Karachi witnesses massive security
By Hasan Mansoor
KARACHI: The city is full of commandos ever since a plane carrying Indian cricket players from Lahore touched Karachi’s soil on Friday afternoon.
The Indian team last saw themselves without extraordinary security around them in New Delhi on Wednesday but since then none of their members could find one alone except for their rooms. They were under protection of special police commandos wearing “No Fear” shirts in Lahore and find similar commandos of the provincial Elite Force here in Karachi.
“The security measures for us are surprising and we see commandos everywhere, around everyone of us, around all of us and we enjoy that,” Indian cricket team skipper, Sourav Ganguly said.
He said Pakistani people are caring and the manner of their hospitability had impressed the Indian cricketers.
The Indians are in Karachi first time since 1997 when the Indians played here a one-day international and defeated the Pakistanis.
They are here again but only for 32 hours. They find no time even for a net practice session let alone enjoying a ride of Pakistan’s largest city along Arabian Sea.
“What we have managed to see yet is our rooms. We are behind a thick security wall but we don’t mind it,” Ganguly said.
“We love to see this wonderful city but a tight schedule does not permit this,” he said.
He referred to the Pakistani team’s last visit to India in 1999 where, according to him a similar sort of security was offered to the Pakistanis led by the greatest left-arm seamer Wasim Akram.
“Such a security is the result of a big gap between our contests with each other. Once we play each other regularly and frequent with each other’s country no such security will require later,” said the left-hand middle order Indian batsman.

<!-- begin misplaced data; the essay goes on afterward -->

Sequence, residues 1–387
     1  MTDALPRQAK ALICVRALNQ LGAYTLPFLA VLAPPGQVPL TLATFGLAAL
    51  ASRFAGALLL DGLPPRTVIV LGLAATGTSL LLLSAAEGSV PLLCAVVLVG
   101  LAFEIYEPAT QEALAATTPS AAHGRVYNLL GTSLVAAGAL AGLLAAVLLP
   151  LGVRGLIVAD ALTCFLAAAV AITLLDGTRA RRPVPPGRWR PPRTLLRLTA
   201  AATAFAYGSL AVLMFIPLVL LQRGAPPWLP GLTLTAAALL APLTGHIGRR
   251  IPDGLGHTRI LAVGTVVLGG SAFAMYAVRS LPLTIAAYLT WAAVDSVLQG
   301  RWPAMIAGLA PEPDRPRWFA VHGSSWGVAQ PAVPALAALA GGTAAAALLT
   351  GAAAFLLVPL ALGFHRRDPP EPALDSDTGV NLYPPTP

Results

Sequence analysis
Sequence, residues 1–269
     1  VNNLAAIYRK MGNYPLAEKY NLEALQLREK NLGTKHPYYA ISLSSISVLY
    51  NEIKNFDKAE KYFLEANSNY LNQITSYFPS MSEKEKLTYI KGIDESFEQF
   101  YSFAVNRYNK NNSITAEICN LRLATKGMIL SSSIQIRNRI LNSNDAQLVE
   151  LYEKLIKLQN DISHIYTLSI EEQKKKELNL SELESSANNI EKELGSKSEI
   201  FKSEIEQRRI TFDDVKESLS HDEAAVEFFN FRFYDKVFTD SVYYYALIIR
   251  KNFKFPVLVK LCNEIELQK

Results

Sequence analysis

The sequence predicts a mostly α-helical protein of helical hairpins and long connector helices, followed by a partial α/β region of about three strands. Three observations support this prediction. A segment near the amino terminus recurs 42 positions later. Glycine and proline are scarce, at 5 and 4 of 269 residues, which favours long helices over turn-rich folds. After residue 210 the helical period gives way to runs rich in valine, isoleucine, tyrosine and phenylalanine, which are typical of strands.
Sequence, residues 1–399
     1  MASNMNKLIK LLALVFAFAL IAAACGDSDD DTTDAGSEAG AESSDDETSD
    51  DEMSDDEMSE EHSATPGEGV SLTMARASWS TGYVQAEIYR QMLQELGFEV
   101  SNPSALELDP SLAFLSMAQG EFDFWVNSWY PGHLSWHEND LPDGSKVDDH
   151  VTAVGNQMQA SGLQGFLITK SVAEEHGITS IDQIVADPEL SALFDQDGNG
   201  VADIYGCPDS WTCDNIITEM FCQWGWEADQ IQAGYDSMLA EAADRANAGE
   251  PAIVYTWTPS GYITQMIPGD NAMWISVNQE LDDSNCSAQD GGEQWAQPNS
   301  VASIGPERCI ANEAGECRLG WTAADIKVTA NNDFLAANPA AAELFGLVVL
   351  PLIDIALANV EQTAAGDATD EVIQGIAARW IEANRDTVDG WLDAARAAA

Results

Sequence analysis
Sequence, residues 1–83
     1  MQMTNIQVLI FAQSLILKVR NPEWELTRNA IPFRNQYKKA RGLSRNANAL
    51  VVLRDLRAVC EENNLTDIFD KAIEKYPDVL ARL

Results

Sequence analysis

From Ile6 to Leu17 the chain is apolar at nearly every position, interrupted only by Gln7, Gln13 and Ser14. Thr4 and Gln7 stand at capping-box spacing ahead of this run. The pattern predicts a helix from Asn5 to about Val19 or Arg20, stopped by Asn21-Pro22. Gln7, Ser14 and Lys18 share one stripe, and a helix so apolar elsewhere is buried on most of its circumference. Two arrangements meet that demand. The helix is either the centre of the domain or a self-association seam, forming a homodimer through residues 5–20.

The Sindh Police has deputed a special contingent of its Elite Force with a responsibility to provide security to every Indian player and official. These commandos have responsibility to check all the movement.
The chief security officer for the Karachi ODI, Syed Kamal Shah, IGP Sindh, says the security teams had kept all possibilities of law and in the mind and took care of that. The most important is the rehearsal of “evacuation plan,” which the security teams made on Thursday and Friday.
Mr Shah said all possibilities including the crowd disturbance resembling the one that reported in Pak-India Calcutta Test in 1999 had been taken into account.
“We are prepared for all sorts of challenges including this one,” Shah said, adding an “evacuation plan” was the “most serious” arrangement the security officials had made.
“We rehearsed it on Thursday and today (Friday). It certainly works,” Shah said.
He said an overall plan with comprehensive details has “meticulously” been formulated and thousands of personnel of the police and paramilitary Rangers were waiting for go-ahead signal to implement it.
A total of 25 superintendents of police and around 70 deputy superintendents would be supervising the event with thousands of policemen on their disposal.
Each of the fourteen gates of the National Stadium would be manned by one DSP. The outer cordon of the playground has been divided into four security zones and one SP would be responsible for security of each zone.
Any stuff or food that can be thrown will not be allowed to carry inside the stadium.
The latest communication facilities have also been acquired especially for the event.
“We have acquired special cell phones from a mobile phone company, which would be used as intercom systems needing only two digits to press,” a senior police official said.
Besides, the officials would also have their personal mobile phones and wireless systems.
Army officials have been involved in the swiping system in and on the entrances of the stadium. Sniffer dogs have been acquired and bomb disposal experts have been engaged.
The aerial surveillance has already been started and a police helicopter is being used for the purpose, Mr Shah said.
“We have used all our resources to make the event peaceful and enjoyable both,” Mr Shah said. The Karachi city nazim, Naimatullah Khan, however, made an announcement that has panicked many cricket fans. Mr Khan said the gates of the National Stadium would be closed after 8am, an hour before start of the match.
“This is an utter injustice and a violation of personal liberties of citizens,” a cricket fan, Ashraf Pasha said. “Once I have bought a ticket, it is up to me whether I join the party in the morning, in afternoon or evening and no one has right to make me bound to enter the playground,” he said.